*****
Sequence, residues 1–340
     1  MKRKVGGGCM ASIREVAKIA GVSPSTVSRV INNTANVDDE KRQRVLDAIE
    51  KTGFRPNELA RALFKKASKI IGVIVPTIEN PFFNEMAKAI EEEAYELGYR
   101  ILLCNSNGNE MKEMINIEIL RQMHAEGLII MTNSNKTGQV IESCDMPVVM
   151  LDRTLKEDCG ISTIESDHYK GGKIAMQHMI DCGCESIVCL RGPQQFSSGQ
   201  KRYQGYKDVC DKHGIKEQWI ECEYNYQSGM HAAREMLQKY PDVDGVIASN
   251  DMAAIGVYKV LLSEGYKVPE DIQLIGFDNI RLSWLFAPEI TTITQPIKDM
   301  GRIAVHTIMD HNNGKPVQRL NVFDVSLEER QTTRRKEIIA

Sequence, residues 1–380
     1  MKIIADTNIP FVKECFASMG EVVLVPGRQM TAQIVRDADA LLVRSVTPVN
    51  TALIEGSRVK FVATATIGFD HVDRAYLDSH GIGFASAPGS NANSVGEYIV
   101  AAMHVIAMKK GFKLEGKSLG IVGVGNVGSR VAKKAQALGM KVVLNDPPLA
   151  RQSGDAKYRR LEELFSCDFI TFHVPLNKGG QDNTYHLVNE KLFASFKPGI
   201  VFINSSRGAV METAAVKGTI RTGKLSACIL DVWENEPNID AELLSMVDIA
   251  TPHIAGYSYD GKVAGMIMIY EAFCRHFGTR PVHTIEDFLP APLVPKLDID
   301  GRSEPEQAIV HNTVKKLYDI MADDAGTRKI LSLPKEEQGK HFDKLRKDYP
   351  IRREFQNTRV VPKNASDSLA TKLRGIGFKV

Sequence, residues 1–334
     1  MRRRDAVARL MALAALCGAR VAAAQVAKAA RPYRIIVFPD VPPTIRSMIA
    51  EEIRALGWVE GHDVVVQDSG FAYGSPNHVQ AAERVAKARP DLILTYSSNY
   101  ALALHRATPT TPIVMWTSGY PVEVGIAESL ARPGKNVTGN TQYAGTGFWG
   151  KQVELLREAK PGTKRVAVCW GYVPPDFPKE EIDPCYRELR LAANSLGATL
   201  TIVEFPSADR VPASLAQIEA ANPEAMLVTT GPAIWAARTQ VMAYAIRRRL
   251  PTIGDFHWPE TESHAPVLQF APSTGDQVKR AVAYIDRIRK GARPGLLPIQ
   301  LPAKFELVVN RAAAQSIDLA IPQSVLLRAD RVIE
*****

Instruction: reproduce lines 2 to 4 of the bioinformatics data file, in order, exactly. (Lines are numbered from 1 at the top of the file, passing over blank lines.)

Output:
     1  MKRKVGGGCM ASIREVAKIA GVSPSTVSRV INNTANVDDE KRQRVLDAIE
    51  KTGFRPNELA RALFKKASKI IGVIVPTIEN PFFNEMAKAI EEEAYELGYR
   101  ILLCNSNGNE MKEMINIEIL RQMHAEGLII MTNSNKTGQV IESCDMPVVM